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‘Pregnancy is Not a Contagious Disease’

…NGOs call to end discriminatory policy against pregnant girls

October 6, 2017 By Joseph S. Margai

pregnancy

Eva Ayiera of Equality Now (standing left) and members of the four NGOs making the call

Non-Governmental Organisations (NGOs) working in Sierra Leone to advance the human rights of children, in collaboration with Equality Now, have stated in a joint press release that pregnancy is not a contagious disease, thus calling on the Government of Sierra Leone to end stigma and discriminatory policy against pregnant girls.

The NGOs – Defence for Children International Sierra Leone (DCI-SL), Women Against Violence and Exploitation in Society (WAVES), Graceland Sierra Leone (GSL) and Women’s Partnership for Justice and Peace (WPJP) – made the call yesterday (5 October) at the New Brookfields Hotel in Freetown at the end of a three-day training organised by Equality Now.

“We are calling on the Government of Sierra Leone to review all discriminatory practices against pregnant girls’ right to education, and recognise the importance of equity and quality education for all children,” said Hannah Yambasu, National Coordinator of WAVES, as she read the press statement.

She noted that education was fundamental to human rights and essential to the exercise of all other human rights, albeit it is being denied to pregnant girls in Sierra Leone following a pronouncement by the Ministry of Education, Science and Technology which banned pregnant girls from attending regular school or writing public examinations.

The release recalled that during the 2014/2015 academic year alone, no fewer than an estimated 15,000 girls got pregnant when schools were closed down by the government as part of its strategy to contain the Ebola viral disease.

The NGOs said they were concerned because the literacy rate for females aged 15 and above is 26.8%, while that of their male counterparts is 50%. They also contend that teenage pregnancy is predominantly caused by poverty, poor parenting, inadequate understanding of sexual and reproductive health.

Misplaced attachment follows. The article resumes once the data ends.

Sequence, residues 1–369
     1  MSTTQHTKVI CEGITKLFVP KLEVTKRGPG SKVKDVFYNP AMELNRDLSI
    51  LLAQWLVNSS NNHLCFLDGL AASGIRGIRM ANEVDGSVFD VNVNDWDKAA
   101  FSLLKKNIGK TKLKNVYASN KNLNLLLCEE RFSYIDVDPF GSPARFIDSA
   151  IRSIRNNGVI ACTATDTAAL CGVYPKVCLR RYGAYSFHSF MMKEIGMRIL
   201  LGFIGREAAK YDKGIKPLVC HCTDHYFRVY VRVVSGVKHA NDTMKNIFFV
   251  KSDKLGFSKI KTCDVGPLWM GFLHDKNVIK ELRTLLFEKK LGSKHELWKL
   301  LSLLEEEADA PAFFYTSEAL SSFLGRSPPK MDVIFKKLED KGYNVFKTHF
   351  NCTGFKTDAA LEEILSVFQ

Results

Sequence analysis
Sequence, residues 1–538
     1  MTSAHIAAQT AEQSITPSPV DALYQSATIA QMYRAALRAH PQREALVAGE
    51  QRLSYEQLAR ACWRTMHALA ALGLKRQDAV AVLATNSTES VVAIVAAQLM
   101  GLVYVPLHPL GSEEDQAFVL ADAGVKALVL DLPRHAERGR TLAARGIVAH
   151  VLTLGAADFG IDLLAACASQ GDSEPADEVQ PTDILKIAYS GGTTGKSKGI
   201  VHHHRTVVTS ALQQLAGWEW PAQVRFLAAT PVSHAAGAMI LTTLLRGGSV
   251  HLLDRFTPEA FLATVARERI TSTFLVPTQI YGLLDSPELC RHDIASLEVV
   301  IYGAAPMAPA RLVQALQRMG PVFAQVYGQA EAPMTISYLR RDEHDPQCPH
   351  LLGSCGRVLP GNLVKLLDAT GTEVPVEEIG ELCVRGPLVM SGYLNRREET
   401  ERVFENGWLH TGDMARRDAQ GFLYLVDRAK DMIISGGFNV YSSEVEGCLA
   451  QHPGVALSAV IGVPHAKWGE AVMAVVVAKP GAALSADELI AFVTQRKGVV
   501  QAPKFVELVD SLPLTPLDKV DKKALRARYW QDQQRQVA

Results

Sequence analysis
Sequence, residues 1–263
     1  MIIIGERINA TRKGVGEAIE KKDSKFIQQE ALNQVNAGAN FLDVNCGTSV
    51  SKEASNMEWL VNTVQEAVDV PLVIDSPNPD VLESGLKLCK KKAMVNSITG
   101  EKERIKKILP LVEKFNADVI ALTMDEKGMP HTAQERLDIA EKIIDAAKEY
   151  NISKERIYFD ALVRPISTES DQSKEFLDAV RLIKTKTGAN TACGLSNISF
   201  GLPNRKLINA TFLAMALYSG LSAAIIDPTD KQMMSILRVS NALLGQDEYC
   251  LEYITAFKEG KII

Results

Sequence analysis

The women and child rights campaigners say there is a nexus between teenage pregnancy and sexual violence perpetuated against adolescence girls as data from the Family Support Unit (FSU) of the Sierra Leone Police in 2015 shows that the rate of reported cases of sexual penetration of children increased from 2,124 in 2014 to 2,398 in 2015.

They have, therefore, continued their advocacy urging government to stand its rigid stance on the controversial policy, and to positively implement domestic and municipal statutes it had enacted and/or signed and ratified.

“We are urging government to fulfill its international and regional obligations by expeditiously and completely lifting the ban preventing pregnant girls to attend formal schools. We are also urging government to enforce the Sexual Offenses Act of 2012 by holding perpetrators accountable for sexual harassment, assault and exploitation of girls and young women,” she urged, adding that government should make  clear provisions for practices that support and protect pregnant girls within the formal education system, as well as in their communities against stigma and discrimination.

Eva Ayiera, End Sexual Violence Programme Officer at Equality Now, told journalists that, “we support the advancement and protection of the rights of visibly pregnant girls and their right to education,” she maintained.

Abdul Manaff Kemokai, head of DCI-SL, said the Education Act of 2004 guarantees education for all, adding that whether a girl is pregnant or not she is still entitled to education.

“When pregnant girls are taken into a separate centre to acquire education is discriminatory. They should be part of the regular school and not separate centres. In other countries, pregnant girls are not prevented from going to the regular school with others that are not pregnant and such action has never dropped their standards of education,” he explained.

He reiterated that pregnancy is not a contagious disease that transfers from one girl to another; rather, it’s just a circumstance that ends soon.